If you can’t fit into the jeans you wore at 21 you could need a checkup

MOST of us aren’t the same size we were at 21 years of age.

And now an expert has warned it could be putting your risk of a serious health condition, even if you are still a "healthy weight".

Professor Roy Taylor from Newcastle University said: “As a rule of thumb, your waist size should be the same now as when you were 21.

“If you can’t get into the same size trousers now, you are carrying too much fat and therefore at risk of developing type 2 diabetes, even if you aren’t overweight.”

Obesity is a key driver of type 2 diabetes. 

But it’s not just those who are obese who are at risk – those who are a larger dress size than their younger years could be too.

For example, a female who is a dress size 14 compared to a previous 10 or 12, or a man whose waist size is 36 inches, compared to 32 previously. 

Prof Taylor suggested these people should be warned that their change could be harming their health.

However, having a larger body than your early 20s does not mean you will get type 2 diabetes.

Around 10 per cent of people with type 2 diabetes have a BMI that puts them in the “healthy” range, according to Diabetes UK. 

Prof Taylor said it can be harmful if doctors rule out that their condition may have been caused by weight gain.

He said: “Doctors tend to assume that type 2 diabetes has a different cause in those who aren’t overweight.

“This means that, unlike those who are overweight, those who are of normal weight aren’t usually advised to lose weight before being given diabetes drugs and insulin.

“Instead, there’s a tendency to start them on insulin and other medication at a much earlier stage.”

Reversal is possible 

At a leading diabetes conference, Prof Taylor presented data on a small study of people of a normal weight with type 2 diabetes.

The participants in the study all had the condition despite having a “normal” body mass index (BMI), with an average of 24.5 – considered “healthy” by the NHS.

The study found that people of normal weight with type 2 diabetes can “achieve remission” by losing weight.

Prof Taylor said that eight in 12 people managed to “get rid” of their condition, meaning they no longer needed medication to manage their blood sugar levels.

The participants managed to reduce the levels of fat in the liver and pancreas, and the activity of the insulin-producing cells in the pancreas was deemed to be “restored”.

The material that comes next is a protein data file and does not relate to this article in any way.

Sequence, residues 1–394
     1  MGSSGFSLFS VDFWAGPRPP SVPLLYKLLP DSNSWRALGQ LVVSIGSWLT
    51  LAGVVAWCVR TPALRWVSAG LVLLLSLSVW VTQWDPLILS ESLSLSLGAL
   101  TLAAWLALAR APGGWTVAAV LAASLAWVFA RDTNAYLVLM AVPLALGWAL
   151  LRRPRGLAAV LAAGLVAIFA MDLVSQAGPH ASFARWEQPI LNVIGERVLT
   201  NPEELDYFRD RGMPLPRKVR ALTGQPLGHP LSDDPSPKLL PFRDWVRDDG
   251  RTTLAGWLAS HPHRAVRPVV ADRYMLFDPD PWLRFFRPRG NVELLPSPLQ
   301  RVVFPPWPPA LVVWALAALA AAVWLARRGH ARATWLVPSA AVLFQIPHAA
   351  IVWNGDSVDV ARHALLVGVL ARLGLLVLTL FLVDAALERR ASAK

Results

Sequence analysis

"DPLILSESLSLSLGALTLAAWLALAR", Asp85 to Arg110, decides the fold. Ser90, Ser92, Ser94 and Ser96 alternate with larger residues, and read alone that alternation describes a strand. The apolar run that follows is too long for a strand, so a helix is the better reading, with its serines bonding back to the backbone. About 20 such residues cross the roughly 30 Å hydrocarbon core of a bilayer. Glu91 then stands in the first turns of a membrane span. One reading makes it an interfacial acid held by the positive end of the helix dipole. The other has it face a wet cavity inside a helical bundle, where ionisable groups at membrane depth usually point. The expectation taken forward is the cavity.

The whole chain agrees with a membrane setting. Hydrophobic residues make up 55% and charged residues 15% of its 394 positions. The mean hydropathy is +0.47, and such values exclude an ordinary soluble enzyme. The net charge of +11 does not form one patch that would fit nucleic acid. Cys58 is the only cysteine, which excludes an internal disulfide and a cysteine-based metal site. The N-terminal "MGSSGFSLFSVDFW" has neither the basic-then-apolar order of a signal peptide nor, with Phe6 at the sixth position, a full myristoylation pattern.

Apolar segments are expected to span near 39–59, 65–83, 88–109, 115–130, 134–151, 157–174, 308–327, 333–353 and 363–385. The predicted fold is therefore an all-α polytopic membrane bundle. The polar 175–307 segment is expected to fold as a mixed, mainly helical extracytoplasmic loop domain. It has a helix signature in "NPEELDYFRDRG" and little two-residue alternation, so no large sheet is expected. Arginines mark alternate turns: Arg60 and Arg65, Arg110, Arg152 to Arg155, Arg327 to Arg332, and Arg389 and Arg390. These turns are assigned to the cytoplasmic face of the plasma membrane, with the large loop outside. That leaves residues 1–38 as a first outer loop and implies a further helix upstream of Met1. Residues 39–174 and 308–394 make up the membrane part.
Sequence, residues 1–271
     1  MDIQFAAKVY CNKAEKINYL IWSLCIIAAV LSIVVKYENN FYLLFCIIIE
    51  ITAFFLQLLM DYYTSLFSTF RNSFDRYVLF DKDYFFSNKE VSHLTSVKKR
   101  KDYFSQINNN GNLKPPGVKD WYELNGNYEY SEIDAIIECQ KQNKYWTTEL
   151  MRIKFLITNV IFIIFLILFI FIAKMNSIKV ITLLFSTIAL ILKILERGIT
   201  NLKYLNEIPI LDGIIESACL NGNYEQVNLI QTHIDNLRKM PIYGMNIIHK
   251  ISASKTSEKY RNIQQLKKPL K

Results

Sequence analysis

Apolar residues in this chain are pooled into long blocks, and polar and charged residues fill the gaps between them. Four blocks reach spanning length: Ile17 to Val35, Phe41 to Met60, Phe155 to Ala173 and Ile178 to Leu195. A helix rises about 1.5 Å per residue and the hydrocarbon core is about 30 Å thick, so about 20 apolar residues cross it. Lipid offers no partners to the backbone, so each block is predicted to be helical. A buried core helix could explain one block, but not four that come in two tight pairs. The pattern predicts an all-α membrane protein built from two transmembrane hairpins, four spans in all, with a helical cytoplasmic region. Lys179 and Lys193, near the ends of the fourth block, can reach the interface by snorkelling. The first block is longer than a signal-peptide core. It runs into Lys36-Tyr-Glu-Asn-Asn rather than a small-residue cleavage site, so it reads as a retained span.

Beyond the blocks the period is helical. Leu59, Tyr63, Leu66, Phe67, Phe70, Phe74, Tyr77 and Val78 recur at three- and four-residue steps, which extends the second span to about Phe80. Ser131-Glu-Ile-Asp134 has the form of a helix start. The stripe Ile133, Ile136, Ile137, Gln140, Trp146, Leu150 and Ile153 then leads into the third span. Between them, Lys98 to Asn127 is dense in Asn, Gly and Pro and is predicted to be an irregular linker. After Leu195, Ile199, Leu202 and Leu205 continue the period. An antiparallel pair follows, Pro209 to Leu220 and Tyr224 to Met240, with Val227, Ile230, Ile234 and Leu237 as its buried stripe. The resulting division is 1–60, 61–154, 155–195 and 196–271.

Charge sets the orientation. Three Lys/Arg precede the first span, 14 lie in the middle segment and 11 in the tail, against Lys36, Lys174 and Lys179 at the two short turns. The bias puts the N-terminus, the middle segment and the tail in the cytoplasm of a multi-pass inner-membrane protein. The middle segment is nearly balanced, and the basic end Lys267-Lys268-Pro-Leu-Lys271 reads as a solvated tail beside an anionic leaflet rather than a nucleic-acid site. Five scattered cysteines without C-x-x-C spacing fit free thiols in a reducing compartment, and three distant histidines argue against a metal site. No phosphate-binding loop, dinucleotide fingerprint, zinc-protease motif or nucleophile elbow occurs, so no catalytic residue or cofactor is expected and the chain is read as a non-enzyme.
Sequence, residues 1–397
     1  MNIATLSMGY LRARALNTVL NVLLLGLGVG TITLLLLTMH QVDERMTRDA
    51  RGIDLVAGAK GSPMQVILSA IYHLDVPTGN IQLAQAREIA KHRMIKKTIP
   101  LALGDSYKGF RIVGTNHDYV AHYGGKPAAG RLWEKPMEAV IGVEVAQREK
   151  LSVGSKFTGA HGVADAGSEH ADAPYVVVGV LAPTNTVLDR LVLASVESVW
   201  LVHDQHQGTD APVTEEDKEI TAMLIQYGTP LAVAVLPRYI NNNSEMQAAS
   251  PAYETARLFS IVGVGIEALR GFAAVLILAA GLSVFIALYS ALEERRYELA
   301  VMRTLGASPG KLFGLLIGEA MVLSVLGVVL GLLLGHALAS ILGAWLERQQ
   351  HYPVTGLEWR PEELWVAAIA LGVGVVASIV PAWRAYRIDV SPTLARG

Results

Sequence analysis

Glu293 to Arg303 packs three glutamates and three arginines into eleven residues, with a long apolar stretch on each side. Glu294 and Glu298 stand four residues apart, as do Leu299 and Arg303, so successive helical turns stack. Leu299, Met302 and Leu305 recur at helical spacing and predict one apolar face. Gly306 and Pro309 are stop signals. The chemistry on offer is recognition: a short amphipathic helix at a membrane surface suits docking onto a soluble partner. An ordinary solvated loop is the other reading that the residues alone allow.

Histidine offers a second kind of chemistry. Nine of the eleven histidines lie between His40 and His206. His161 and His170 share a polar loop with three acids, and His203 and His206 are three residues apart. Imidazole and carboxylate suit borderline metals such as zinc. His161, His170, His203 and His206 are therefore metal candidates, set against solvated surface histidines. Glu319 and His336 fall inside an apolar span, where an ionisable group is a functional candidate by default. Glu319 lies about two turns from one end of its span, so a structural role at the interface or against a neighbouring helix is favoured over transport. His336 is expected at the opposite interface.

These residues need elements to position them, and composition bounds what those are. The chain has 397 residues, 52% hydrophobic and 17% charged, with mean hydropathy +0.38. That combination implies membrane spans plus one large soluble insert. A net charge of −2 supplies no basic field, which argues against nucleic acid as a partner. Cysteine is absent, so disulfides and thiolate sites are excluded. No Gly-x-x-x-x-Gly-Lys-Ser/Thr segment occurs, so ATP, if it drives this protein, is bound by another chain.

“What we’ve shown is that if those of normal weight lose 10-15 per cent of their weight, they have a very good chance of getting rid of their diabetes,” Prof Taylor said.

The participants followed a weight loss programme which included eating only 800 calories a day of liquids like soup and shakes for two weeks. 

This was followed by four to six weeks where they received support to maintain their new weight.

They completed three rounds of this programme until they lost 10-15 per cent of their body weight.

Fatty liver to blame

Prof Taylor, who presented the findings at the Annual Meeting of the European Association for the Study of Diabetes, said: “These results, while preliminary, demonstrate very clearly that diabetes is not caused by obesity but by being too heavy for your own body.

“It’s due to having too much fat in your liver and pancreas, whatever your BMI.

“In the liver, this excess fat prevents insulin from working normally. In the pancreas, it causes the beta cells to stop producing insulin.”

Being slim – or having a normal range BMI – does not necessarily mean a person is healthy on the inside, experts say.

Fat is often only thought of as the bulge that sits under the skin. But people who seem of lower body weight may still store fat in places that are harmful to health.

Fat gets into the liver via the bloodstream in a “spillover” when there is not enough room in fat stores, said Dr Ahmad Al-Mrabeh, the study’s first author and co-investigator.

He said weight loss by calorie restriction “is powerful in achieving remission of type 2 diabetes” and the findings were “remarkable”.

Dr Lucy Chambers, Head of Research Communications at Diabetes UK – which funded the study, said the charity hopes the NHS considers the research.

“It is hoped that these findings, if positive, could eventually widen access to the NHS programmes for type 2 remission,” she said.

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